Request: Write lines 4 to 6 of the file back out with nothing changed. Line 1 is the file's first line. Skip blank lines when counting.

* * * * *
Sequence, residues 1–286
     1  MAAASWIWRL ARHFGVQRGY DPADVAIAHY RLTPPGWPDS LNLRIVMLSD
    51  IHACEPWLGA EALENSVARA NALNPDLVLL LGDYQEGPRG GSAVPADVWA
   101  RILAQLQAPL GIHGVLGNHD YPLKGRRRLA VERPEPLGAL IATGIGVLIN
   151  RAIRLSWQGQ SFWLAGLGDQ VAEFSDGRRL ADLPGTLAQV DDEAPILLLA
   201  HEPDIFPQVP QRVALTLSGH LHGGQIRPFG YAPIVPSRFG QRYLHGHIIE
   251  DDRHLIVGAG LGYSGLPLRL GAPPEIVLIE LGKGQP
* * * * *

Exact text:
   101  RILAQLQAPL GIHGVLGNHD YPLKGRRRLA VERPEPLGAL IATGIGVLIN
   151  RAIRLSWQGQ SFWLAGLGDQ VAEFSDGRRL ADLPGTLAQV DDEAPILLLA
   201  HEPDIFPQVP QRVALTLSGH LHGGQIRPFG YAPIVPSRFG QRYLHGHIIE